Eight years after turning its back on the Canadian retail market, Merrill Lynch has charged back in, checkbook in hand, and closed a deal that could allow it to quickly emerge as a retail powerhouse in Canada.
The $855 million (U.S.) stock acquisition of Midland Walwyn is a high price--about $700,000 per Midlands 1,275 reps, with some investment banking and asset management operations thrown in.
But Merrill gets a unified North American presence, an experienced Canadian work force spread across 116 offices, and an organization with a management style and philosophy similar to its own. As Canadas largest non-bank-owned brokerage, Midland Walwyn has been fiercely independent, and both demanding and supportive of its producers.
This is a good fit and one thats goes well with Merrills strategy of expanding its global retail business, says Charles Vincent, an analyst for PNC Institutional Investment Services, in Philadelphia.
Merrill comes in at a time when theres a Midland drive under way to increase the producer force to 2,000 within the next three years, a goal that many say will be easier to accomplish once the name Merrill Lynch Canada goes up on the door.
Lets face it, with their name recognition and the level of support they can give their sales force, they should have no trouble attracting top talent, says one Toronto-based Nesbitt Burns broker.
In fact, in its quest to hire more brokers, Merrill Canada could start recruiting the more than 250 brokers it cut loose in 1990 when it sold its retail operations to CIBC Wood Gundy. Despite the firms unceremonious cut and run from the Canadian market back then, former Merrill brokers still have nothing but praise for the firm.
Sure its a tough environment to work in, says one former Merrill broker in Toronto. But its the kind of place that always supports its producers.
Compensation questions still remain. Merrill is expected to retain Midlands attractive recruiting packages, as well as payouts that average about 10 percentage points higher than what the firm pays in the states.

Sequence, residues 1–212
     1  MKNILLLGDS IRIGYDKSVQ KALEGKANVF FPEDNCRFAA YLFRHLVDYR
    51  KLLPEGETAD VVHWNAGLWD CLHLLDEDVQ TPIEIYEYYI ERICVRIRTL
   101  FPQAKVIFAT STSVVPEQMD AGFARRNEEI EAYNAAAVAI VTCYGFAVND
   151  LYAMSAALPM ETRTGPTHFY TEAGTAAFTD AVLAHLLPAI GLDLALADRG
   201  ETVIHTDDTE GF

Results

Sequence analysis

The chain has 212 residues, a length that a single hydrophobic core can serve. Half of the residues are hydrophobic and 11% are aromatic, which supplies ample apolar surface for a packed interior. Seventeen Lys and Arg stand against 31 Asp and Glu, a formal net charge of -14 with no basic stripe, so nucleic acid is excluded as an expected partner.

According to a statement issued by Midlands CEO Robert Schultz, who will head Merrill Lynch Canada, the companys pay scale will stay in place despite the takeover. Although Merrills spokespeople in New York refused to comment on the compensation matter, one key executive at Midland, who was part of the negotiations with Merrill, says the U.S. firm is clearly aware of Canadian pay standards and is prepared to live with them. Merrills here for one reason only, he says, to take advantage of our expanding economy and the close ties between the U.S. and Canadian industry. Theres no advantage to disenfranchise a work force they just paid a lot of money to acquire.
Although the executives of Canadas major bank-owned brokerages have been downplaying Merrills arrival, sources say many competitors are concerned about the firm with the highest name recognition in the world suddenly returning to their doorstep.
Competing firms are particularly galled that Merrill may get a jump on them in their own market while their own expansion plans are bogged down by regulators who have yet to give final approval to their mergers. But at least one brokerage executive, Garrett Herman, CEO of Toronto-headquartered Loewen Ondaajtie McCutcheon Ltd., sees the Merrill move in less measured terms.
Anyway you look at it, this is a major deal. Look at all the attention that was heaped on CIBCs purchase of Oppenheimer last year, Herman says. This one dwarfs that in importance, and it certainly makes Merrill the place to turn to for cross-border deals.
Even more worrisome for Canadian competitors is the possibility that Merrill itself could be taken over by a big bank.
If a bank like Chase Manhattan bought Merrill, youd suddenly have a combined financial services firm here with more capital than all the Big Six firms combined, says one CIBC Wood Gundy executive.